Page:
You’re Not on Acid, You’re Just Listening to Willis Earl Beal

April 2012 belongs to one of America’s newest buzz acts, Willis Earl Beal: a man who ignores today’s traditional marketing strategies and gets right down to the grit. Every article written about the musician reveals Beal’s humble beginnings and his unyielding ambition to make music for a living. He started off busking in Chicago’s subways and leaving CD-Rs of his home recordings around the city. Until recently, Beal even embraced fans and curious members of the press by dispersing his private phone number publicly and literally inviting people to call him up. Apparently too many people were struck by the musician’s openness and followed his lead, resulting in a surplus of phone calls that Beal couldn’t keep up with. The phone number he previously provided now forwards callers to a voicemail that says Beal is “taking a break from the calls right now,” because he’s “getting an explosion of calls” and he’s really busy. He adds at the end, “I love you, and I appreciate your support.”

On April 3, Beal released his 11-track debut album Acousmatic Sorcery (XL Recordings/Hot Charity), finally providing fans with a full picture of Beal’s musical capabilities. The songs are a less-is-more representation of what a versatile musician creates when he’s hungry to make his first record. The tracks stem from dozens of demos he recorded using a cassette-based karaoke machine, some other flea market finds and his own makeshift pots and pans drum kit. The scaled-back mixed bag of songs are at first a bit jarring; it seems as if Beal has so many goals set for his music and he can’t choose a steady sound. Ranging from experimental to gospel, each song has its own set of rules as Beal changes instruments, vocal styles and techniques.

Beal’s wide array of sounds aren’t meant to confuse listeners–he’s just trying on all his different hats. “Take Me Away” plunges listeners into a deep and greasy pool of New Orleans-esque soul, with its bellowing and repeating “oh lord,” and “right now” lines. “Cosmic Queries” ends in a beckoning, poetic monologue, preaching an individual’s fight for survival. “Bright Copper Noon” lays clanking, distracting strings beside whistling and background vocals. Critics often argue that artists don’t push themselves enough to try and create a variety of material. Beal’s efforts demonstrate the true possibility of genre-defying songwriting.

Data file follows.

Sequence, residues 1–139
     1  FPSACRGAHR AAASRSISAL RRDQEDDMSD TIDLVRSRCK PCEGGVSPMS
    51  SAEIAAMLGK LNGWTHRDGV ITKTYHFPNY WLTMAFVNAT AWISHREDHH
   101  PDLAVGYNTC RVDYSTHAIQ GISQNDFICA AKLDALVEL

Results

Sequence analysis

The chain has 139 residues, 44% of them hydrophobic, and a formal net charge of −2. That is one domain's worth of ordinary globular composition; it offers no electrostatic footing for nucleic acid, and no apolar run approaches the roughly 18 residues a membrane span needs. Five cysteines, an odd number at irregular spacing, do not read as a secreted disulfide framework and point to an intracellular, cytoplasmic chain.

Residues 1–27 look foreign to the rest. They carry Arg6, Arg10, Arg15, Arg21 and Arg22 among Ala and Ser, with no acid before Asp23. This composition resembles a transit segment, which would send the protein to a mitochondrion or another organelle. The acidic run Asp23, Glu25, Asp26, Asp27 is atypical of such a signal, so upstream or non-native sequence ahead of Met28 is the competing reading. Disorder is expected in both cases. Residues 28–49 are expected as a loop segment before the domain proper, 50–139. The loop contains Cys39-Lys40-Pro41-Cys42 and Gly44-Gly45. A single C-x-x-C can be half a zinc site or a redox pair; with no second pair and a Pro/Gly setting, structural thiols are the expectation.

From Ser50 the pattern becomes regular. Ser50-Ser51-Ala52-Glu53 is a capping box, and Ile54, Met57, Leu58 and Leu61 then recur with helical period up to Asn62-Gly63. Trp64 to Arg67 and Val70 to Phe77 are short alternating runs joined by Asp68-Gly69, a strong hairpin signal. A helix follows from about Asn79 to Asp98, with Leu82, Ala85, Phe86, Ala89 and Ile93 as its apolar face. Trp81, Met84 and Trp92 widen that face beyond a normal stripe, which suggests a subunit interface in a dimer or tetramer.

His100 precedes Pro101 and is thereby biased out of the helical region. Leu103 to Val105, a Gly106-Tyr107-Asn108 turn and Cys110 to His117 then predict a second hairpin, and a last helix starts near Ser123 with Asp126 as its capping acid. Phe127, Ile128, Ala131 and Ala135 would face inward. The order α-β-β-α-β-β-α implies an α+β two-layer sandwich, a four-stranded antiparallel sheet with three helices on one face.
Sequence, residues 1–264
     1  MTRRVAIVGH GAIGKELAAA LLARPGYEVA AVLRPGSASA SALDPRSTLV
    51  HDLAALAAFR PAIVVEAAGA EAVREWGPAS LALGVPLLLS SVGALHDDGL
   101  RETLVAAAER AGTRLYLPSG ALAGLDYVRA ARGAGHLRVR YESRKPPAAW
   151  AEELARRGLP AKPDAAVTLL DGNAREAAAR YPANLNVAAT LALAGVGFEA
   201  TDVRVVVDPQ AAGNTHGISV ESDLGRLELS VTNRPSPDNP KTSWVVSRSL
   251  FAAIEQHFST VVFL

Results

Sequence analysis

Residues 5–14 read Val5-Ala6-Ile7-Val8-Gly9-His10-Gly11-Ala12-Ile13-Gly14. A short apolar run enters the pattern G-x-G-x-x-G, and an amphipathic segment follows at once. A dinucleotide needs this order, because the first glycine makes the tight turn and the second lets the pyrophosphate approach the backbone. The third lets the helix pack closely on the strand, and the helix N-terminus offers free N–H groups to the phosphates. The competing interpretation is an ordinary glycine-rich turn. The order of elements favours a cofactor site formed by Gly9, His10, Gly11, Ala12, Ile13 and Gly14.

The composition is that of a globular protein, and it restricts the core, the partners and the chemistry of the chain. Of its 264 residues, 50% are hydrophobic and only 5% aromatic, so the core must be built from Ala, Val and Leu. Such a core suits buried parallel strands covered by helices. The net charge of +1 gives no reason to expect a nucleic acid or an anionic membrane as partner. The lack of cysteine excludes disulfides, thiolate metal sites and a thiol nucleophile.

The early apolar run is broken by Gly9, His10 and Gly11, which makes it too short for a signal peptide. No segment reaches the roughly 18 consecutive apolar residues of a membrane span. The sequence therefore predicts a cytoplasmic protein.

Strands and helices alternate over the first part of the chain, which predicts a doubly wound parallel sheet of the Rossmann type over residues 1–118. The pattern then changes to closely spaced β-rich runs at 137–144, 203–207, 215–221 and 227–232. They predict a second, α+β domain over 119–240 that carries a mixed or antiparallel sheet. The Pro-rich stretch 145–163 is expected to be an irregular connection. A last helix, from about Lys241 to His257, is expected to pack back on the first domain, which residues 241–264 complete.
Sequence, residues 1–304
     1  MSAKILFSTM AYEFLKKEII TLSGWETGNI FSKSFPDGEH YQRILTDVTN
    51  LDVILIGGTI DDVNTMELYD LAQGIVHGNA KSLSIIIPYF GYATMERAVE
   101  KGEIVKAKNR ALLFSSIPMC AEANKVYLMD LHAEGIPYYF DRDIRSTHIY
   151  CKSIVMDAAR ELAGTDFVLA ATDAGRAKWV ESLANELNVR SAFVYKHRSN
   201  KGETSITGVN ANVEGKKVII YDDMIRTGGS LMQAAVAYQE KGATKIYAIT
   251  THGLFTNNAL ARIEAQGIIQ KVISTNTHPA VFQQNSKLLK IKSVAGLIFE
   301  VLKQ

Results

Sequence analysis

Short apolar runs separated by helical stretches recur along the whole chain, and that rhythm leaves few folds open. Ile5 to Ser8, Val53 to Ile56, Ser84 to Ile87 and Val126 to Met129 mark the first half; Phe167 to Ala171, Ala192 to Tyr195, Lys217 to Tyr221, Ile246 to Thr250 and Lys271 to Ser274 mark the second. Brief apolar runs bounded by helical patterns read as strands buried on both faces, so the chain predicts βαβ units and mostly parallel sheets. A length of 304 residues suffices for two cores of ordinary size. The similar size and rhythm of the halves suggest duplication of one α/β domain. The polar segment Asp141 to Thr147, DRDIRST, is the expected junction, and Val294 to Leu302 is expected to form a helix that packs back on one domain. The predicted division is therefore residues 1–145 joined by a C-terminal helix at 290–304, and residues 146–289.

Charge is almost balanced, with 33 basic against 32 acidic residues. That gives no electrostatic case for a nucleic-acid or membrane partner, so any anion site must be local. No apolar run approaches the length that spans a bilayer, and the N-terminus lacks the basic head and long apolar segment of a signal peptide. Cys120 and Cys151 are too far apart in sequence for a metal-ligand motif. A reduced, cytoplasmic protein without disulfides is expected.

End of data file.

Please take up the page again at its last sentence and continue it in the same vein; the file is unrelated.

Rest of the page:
When Beal isn’t booming away with his strong, rotund voice, he’s delicately singing about small pleasures, such as the simple excitement behind an untainted crush. The song “Evening’s Kiss” features Beal plucking basic guitar notes while singing about crushing on a diner waitress, “Gazing at the phase of an overcast day / Watching rain fall from a dim cafe / Can’t see the wind, but I see the trees sway / Now the evening’s kiss, got me fading away.” If the song were paired with expensive production and a backup band, it could be a top-40 hit, but Beal breaks it down into a personal, quiet confession. Other songs on the album, like “Sambo Joe From The Rainbow” and “Monotony,” take the same approach of presenting poppy, rhyming songs in bare and interesting ways.

Acousmatic Sorcery‘s final song is an eight-minute track called “Angel Chorus,” which fades from a shrill refrain into another poetic monologue, as Beals tells the story of a late night when he goes out to a club alone and wallows around, trying to fit in. Beal walks listeners through encounters at the club, describing the scene and the people he meets. He sociologically breaks each moment apart and talks about the sometimes unattractive superficial realities of such social situations, with powerful lines like, “I’m even alone in a crowd of many / I would join my peers, but I don’t recognize any.” “Angel Chorus” is an accurate depiction of Beal in today’s industry. He’s different from the rest. He’s not going to try to impress you or convince you to be his friend, but he’ll win you over with his honest and genuine appeal nonetheless.

Acousmatic Sorcery opens a door into the grizzled, art-making mess inside Willis Earl Beal’s head. Simply being himself and using the tools he has, he constructed this world of lo-fi songs, stream-of-conscious poetry, meandering prose and hand-scrawled drawings. Although the music has a rough and complicated sound that might be hard to get past, once you do it’s rewarding, similar to the music of Beal’s musical influence, Tom Waits. Beal comes off somewhere between a beat writer and a homeless person, but he’s managed to use his openness to his advantage and a lot of people are receptive to it. Although Beal has caused somewhat of a blogosphere storm, his phone number is still up on his website, as is his address with the tag “write to me and I will make you a drawing.”

–Jen Brown


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